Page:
The 426 foot 500 Brickell tower complex is well situated, although not waterfront. The two rectangular towers are connected at the top with a bridge-like architectural structure with a large oval opening allowing in sunlight. Such a connecting architectural feature is exciting and novel by Miami Standards. It will create a great visual effect for the building’s residents on the amenities deck; a sense of inclusion in exclusivity and proportional grandness. The mostly residential complex is located in the northern portion of Brickell Village right on the west side of Brickell Avenue. The buildings will have glass balconies reducing the bleakness of concrete. There will be 20,000 sq. feet of retail space in the complex. Units range from 1 – 2 bedrooms with no half baths (927 – 1442 sq. ft.).
Pros: The property is ocated in a vibrant and growing already established neighborhood, so unlike Parkwest, Uptown, and even the CBD, there is no waiting for neighborhood stability. The developer is top caliber. There are plenty of built-in state-of-the-art unit features including touch screen technology. Although Brickell will not be fully exempt from traffic woes, the traffic should not be as bad as in the CBD or in and around the PAC.
Cons: There are 633 units in two 43 story towers. This is no small number of units. This building’s going to be crowded when fully occupied.
Expected amenities include: 24 hour security and valet, recreational deck with pool, and club room with billiards.
Unique amenities include: a 20-seat movie theatre, concierge services, I.R.I.S touch screen home technology, and wine cellar.
Overall the complex’s two towers will add more density to an area that is seeing a lot of major activity. Across the street, Jorge Perez is building 5 more major towers; the three Icon Brickell towers and the two Plaza towers—within a two square block area one can really sense the Related’s major influence with 7 towers. On the surface, the building is easily dismissed as ordinary, but with its crown connection at the building’s top, excessive glass facades, and tall stature, there may be more to it than meets the eye.
The 549 foot ft. 50 biscayne is located in a very conspicuous spot right on Biscayne blvd. The One Biscayne Tower, once the tallest in Miami, is now going to be overshadowed by this new 54 floor neighbor. The building’s design is a simple rectangle. Jorge Perez hired Sieger-Suarez for the architecture and the Rockwell Group for the interior. It has a unique crown similar to Jade Brickell except involving color instead of steel and a somewhat different shape. La Salle Bank provided the financing. Unit amenities abound. Units come fully furnished.
Traffic aside, the building has an incredible location in the heart of the city, is located directly across from a beautiful city park, great bay front shopping, the AA Arena, proposed museums, and South Beach is 10 minutes away. This building is quite tall at 554 feet with 54 floors and is not over saturated with units. The three story lobby will certainly leave a good impression on all those who enter it. 15,000 sq. ft, of retail will help breathe life into the streets below and is a balanced amount for this scale a building. Buying from the Related Group, you know you can expect quality and timeliness. Stunning views for East side residents. It;s hard to put a value on it.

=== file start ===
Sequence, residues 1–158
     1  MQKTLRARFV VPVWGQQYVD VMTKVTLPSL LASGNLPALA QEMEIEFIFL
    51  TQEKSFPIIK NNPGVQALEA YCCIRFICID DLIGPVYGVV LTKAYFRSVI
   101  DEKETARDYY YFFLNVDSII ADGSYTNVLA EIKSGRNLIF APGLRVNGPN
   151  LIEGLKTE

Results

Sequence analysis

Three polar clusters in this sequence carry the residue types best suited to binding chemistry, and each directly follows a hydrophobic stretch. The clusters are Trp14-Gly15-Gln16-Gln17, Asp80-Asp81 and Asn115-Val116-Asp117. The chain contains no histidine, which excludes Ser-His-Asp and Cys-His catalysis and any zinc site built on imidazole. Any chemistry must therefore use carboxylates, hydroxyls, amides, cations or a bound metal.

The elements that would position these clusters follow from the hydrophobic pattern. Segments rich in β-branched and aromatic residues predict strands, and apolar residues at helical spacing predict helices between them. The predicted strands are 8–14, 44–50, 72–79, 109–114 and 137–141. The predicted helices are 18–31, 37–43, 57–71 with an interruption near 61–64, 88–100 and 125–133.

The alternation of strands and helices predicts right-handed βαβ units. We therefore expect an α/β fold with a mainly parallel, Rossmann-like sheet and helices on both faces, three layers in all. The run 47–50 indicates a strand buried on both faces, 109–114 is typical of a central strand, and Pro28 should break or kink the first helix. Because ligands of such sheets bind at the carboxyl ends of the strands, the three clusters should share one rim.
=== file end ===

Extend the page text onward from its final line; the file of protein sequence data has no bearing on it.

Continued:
Its location right in the heart of the CBD guarantees plenty of traffic below. The building will also house a boutique hotel, which may in the future become somewhat of a nuisance to security and privacy starved residents. The Building makes use of color. I’m not sure if I like the psychedelic color scheme, but I respect the effort to make concrete more pleasant to look at. The ceiling heights could have been 9 feet for the tower residents, instead they are 8’8, which although ample, may indicate cost cutting by the developer.
Overall, 50 Biscayne is an excellent addition to the skyline and a welcome member of the CBD high rise club. 50 Biscayne and Everglades on the Bay are forming something of an urban skyline connection between Parkwest and the CBD. The Empire World Towers, 600 Biscayne and Paramount Park will close the gap. 50 Biscayne’s role is thus vital for the urban landscape. Currently, the CBD holds the urban density crown in Miami. Although Brickell is competing and Uptown has ambitious plans, buildings such as 50 Biscayne help keep the crown in place. In 5 years though, it will be interesting to see where the most density lies.
Height: 43 floors (514ft)
Developer: Leviev Boymelgreen Developers
Other Firms: Majestic Properties
Architect: Fullerton Diaz Architects
Address: 3100 Biscayne Blvd.
Analysis: This glassy modern-looking mixed used building marks the continuation of LB’s ambitious Miami plans. Although not as ambitious as the Marquis, another LB project, this interesting development does mark an important change in the high rise development patterns of Uptown. The vast majority of high rises in Uptown have been proposed or built east of Biscayne Blvd. This development indicates a departure from that and is not the only highrise proposed for the area west of the Boulevard. However, it was one of the first be proposed there aside from the monumental Midtown Miami project with its various phases. It can be argued that were it not for Midtown Miami, LB would not have ventured west of the Boulevard. This indicates an influence that will likely continue what is fast becoming a clear pattern of western high rise development in Uptown. A healthy one I might add. The design of the structure is aesthetically pleasing with an emphasis on glass versus concrete. Its vertical lines are sharp and the building lacks curves. Still, it is relatively tall, is sreading urban density west, and appears to be an elegant addition to the skyline.